In my First Things column two weeks ago, I presented a brief critique of the National Conservatism “Statement of Principles.” Like the authors of an open letter published a few days ago at the European Conservative, I believe Christianity is an inherently universalist political vision, embodied concretely in the global communion of the catholic church. The gospel calls nations to serve the King of kings and to join the peaceable pilgrimage to Zion. The church disciples nations by directing them and their rulers to goods beyond national goods.
Observing the online reaction to my column, I fear I was misunderstood. Some apparently read it as a brief for the primacy of the “spiritual” over the “political.” That isn’t my view. I advocate instead the deconstruction of the spiritual/political dualism and the primacy of ecclesial politics.
We’re tempted to assume that if “the state” isn’t involved, it’s not politics. To discern the political character of the church, we need to broaden our understanding of politics. Politics isn’t merely a set of mechanisms to decide how coercive force is distributed and used. As Richard John Neuhaus often said, politics is better understood as the process by which we answer the question, “How ought we to order our life together?” How we pass on the heritage of the past to future generations; what values and priorities should determine the design of our built environment; how we get our food and water and ensure it’s safe and nutritious; how we care for the sick, elderly, dying, and dead; how we preserve the dignity of work—whether or not the state directly oversees these issues, they are all political questions because they involve deliberation and decision about our common life.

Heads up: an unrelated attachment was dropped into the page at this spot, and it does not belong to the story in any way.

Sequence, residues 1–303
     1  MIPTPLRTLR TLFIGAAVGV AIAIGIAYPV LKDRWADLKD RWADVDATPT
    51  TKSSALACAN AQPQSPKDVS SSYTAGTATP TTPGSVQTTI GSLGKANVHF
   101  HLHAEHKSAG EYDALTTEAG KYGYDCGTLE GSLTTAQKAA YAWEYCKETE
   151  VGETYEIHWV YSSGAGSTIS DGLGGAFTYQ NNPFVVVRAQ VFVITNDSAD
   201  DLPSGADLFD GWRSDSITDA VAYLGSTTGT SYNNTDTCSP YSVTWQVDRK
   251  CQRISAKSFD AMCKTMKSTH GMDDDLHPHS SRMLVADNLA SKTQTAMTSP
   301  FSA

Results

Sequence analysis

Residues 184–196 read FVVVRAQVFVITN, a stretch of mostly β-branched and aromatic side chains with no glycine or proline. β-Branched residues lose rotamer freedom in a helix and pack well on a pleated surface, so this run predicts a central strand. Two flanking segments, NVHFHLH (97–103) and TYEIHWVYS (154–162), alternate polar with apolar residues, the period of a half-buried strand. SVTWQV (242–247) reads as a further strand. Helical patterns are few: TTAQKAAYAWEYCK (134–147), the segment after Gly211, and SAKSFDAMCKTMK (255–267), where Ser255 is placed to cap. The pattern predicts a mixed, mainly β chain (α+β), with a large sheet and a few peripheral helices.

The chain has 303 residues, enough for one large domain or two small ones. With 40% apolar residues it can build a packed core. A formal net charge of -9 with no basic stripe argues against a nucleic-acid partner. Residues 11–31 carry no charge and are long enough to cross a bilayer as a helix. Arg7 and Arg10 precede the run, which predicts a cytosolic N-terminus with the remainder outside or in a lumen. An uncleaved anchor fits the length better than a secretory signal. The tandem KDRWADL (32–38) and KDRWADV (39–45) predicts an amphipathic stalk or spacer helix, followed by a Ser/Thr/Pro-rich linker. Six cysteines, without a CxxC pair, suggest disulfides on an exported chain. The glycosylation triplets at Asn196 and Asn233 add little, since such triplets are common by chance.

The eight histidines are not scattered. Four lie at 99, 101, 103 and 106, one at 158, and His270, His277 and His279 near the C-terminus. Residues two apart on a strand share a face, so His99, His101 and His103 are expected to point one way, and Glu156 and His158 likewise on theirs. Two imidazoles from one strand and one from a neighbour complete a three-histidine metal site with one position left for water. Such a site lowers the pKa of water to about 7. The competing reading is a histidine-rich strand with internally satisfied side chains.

As the family of the heavenly Father, the body of the incarnate Son, and the temple of the Pentecostal Spirit, the church is a uniquely “supernatural” communion. But the church is recognizably a polity, a group of people with a distinctive pattern of common life. The church has her own rhythms of time, her own organization of space, her own rituals and habits, her own beliefs and ways of speaking, her own norms for daily living. Guided by Scripture and the Spirit, the church’s rulers deliberate over the ordering of our communal life, correct those who deviate from the commands of Jesus, and police the gates of the church, admitting the penitent and expelling the impenitent.
“Polity” isn’t a sociological category imposed on a theological reality. On the contrary, the New Testament everywhere highlights the political nature of the church. The most common Greek word for “church” is ekklesia, which outside the Bible refers to the citizen assembly of the Greek polis (Acts 19:32–41). At the very least, this usage indicates the biblical writers view the church as a civic order. We might venture a stronger claim. Calling the church in Ephesus an ekklesia is analogous to naming a church “First City Hall of Gardendale, Alabama.” Tiny and beleaguered as the original ekklesiai were, they saw themselves as the governing bodies of the Greco-Roman cities where they were planted. Long before Constantine, they believed the destiny of Rome was in their hands. Astonishingly, they were right.